Coal Emission Innovations Spotlighted at POWER-GEN

By Robert Evatt

A variety of coal emission regulations were highlighted by industry workers and researchers during the session titled “ACQS Upgrades for Enhanced O&M Performance” at POWER-GEN International 2016.

Chris Wedig of CB&I said that coal plants, even older ones, are becoming subject to load following; they must now adjust power output as demand for electricity fluctuates throughout the day.

“Load following at coal-fired power plants is a reality,” he said.

This increasing requirement of load following comes as heavy industrial demand decreases and residential demand continues to rise.

And environmental regulations on emissions are still in place even with new operations. Utilities now must develop operations and maintenance methods to compensate for the shifts in load.

Additionally, load following and the associated temperature shifts create new stresses on nearly every piece of equipment at coal plants, meaning operators must keep a close eye on equipment performance.

Co-author Joseph Klobucar of HDR presented a report on two spray dryer and fabric filter installations in two coal plants—a report that won POWER-GEN International’s Paper of the Year.

The system consisted of rotary atomized spray dryers for SO2 control, pulse-jet baghouses for particulates, powder-activated carbon for mercury control, and draft system modification.

The systems were successful at both the Columbia Generating Station in Wisconsin and the Ottumwa Generating station in Iowa. The system produced a 90 percent reduction in mercury emissions, was very reliable, and exceeded SO2 and particulate matter emission standards.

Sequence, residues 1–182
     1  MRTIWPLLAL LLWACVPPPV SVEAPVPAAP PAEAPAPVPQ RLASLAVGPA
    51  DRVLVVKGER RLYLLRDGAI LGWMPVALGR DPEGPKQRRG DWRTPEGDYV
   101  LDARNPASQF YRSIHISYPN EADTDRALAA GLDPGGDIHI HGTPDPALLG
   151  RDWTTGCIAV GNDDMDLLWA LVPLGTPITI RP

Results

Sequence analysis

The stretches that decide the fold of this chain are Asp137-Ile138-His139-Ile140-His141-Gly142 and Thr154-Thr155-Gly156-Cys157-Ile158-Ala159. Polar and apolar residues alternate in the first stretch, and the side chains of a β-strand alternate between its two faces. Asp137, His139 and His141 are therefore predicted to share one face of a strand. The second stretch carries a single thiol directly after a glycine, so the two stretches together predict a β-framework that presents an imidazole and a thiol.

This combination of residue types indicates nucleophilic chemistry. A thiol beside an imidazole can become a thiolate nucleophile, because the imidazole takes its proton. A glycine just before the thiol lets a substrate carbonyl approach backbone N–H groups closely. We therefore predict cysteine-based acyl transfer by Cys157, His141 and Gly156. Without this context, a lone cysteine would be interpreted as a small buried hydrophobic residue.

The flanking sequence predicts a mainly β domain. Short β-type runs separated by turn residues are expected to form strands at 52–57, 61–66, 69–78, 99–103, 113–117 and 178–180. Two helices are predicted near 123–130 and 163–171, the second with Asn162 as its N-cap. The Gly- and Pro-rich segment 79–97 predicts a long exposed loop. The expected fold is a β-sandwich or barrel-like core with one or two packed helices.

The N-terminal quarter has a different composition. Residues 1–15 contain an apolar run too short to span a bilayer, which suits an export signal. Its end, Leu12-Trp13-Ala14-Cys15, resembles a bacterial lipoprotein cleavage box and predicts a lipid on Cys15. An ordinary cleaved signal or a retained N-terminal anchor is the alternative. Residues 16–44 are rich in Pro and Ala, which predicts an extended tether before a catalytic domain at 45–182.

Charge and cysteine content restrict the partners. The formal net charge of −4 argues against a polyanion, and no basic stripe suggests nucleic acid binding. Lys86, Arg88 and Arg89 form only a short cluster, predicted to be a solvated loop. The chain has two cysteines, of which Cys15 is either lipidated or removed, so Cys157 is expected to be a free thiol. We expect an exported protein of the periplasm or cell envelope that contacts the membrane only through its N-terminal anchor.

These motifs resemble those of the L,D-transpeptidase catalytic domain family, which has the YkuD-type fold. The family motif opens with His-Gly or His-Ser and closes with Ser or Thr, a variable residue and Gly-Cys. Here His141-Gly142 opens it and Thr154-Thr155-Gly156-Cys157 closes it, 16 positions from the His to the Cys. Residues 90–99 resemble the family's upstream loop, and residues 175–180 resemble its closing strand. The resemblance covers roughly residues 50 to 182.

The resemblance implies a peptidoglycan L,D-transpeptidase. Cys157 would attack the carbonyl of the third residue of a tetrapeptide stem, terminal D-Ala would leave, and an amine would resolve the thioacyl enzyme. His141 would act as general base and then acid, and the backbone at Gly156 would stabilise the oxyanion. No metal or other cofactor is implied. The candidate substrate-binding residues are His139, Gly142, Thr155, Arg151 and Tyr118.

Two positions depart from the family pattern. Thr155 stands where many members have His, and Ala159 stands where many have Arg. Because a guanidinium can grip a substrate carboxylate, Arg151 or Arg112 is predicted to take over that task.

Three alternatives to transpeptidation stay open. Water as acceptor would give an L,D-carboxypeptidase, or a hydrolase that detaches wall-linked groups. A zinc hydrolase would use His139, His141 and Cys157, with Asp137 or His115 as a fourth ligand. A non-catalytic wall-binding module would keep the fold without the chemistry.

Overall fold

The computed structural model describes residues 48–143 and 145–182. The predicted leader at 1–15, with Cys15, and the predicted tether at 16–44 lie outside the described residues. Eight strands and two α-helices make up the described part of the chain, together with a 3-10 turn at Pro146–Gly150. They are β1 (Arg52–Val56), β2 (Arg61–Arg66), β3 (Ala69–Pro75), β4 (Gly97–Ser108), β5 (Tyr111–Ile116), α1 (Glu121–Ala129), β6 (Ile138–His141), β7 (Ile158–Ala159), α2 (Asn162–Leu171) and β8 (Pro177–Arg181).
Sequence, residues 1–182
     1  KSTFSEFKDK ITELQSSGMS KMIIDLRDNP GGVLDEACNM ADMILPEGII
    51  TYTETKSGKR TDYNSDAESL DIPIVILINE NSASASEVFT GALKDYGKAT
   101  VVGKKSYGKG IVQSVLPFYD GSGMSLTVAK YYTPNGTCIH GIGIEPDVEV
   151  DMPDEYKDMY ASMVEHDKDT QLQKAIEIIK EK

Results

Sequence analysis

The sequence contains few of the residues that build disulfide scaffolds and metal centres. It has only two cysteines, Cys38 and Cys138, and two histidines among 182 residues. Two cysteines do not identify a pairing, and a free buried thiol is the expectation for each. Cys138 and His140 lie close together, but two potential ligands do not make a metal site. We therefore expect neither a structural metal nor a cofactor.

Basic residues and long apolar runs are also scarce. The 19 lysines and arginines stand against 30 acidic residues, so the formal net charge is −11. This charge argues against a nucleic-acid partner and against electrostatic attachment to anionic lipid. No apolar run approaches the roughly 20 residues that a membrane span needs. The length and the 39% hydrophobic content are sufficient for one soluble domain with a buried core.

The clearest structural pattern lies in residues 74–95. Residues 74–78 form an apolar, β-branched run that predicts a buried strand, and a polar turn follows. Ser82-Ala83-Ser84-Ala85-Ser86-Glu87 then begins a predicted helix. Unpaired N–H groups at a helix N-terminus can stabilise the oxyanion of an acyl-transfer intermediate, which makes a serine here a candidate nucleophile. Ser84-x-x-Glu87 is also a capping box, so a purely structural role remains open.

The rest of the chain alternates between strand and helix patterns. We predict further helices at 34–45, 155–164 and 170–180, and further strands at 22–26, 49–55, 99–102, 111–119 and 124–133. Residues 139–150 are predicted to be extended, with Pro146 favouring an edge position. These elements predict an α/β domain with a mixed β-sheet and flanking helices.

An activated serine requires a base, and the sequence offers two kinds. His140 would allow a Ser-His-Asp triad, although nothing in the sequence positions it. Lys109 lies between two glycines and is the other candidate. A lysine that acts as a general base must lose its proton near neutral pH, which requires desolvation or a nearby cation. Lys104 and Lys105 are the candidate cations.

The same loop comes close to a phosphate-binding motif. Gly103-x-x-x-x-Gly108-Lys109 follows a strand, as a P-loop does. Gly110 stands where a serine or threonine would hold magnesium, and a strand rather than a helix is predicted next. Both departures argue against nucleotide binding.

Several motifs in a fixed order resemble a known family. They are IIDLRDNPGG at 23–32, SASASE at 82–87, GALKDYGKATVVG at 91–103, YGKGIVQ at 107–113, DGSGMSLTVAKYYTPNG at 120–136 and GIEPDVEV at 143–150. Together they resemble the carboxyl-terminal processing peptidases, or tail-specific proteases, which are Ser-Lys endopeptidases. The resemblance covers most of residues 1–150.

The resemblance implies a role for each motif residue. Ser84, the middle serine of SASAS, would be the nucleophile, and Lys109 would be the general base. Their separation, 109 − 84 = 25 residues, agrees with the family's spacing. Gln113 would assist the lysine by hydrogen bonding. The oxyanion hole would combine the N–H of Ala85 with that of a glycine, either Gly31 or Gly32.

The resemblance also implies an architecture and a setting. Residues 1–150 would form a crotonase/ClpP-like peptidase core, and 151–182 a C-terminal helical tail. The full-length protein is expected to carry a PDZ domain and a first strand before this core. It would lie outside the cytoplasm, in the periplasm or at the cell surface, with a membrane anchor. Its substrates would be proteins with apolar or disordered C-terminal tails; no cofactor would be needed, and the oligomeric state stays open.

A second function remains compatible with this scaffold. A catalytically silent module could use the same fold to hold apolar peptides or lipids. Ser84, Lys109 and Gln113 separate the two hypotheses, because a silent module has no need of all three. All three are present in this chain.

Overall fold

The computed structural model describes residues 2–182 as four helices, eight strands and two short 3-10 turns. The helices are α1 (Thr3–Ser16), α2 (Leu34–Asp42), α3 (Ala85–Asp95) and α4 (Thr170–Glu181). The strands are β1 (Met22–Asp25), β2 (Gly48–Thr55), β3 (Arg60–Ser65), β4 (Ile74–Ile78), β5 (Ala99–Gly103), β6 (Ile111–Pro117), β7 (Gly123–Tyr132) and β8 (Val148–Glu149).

However, there were a number of challenges, including a very cold Wisconsin winter, pressure damage to an SDA byproduct bin vent filter, issues with SDA flop valves, and slurry line failures.

Conner Cox of United Conveyor Corporation (UCC) presented alternative approaches to emission controls.

DSI equipment can now come in pre-engineered, small modules that can fit underneath silos and save on insulation costs.

Additionally, UCC’s COBRA lance system produces a low-pressure zone within flue gas and improves extraction of pollutant material.

Stuart Nicholson of Primex Process Specialists presented a look at corrosion problems at Carneys Point Generating Plant in New Jersey.

Though the plant was built in 1995, corrosion problems cropped up that year and continued with time. By 1998, bag cap failures began to fail. Plant officials replaced them with stainless material, but those eventually failed as well due to chloride stress.

By 2014, officials at Carneys began a program to replace filter caps with a hanger apparatus that didn’t need a sealing cap at all. The program was a success, and the hangers were implemented throughout the plant.

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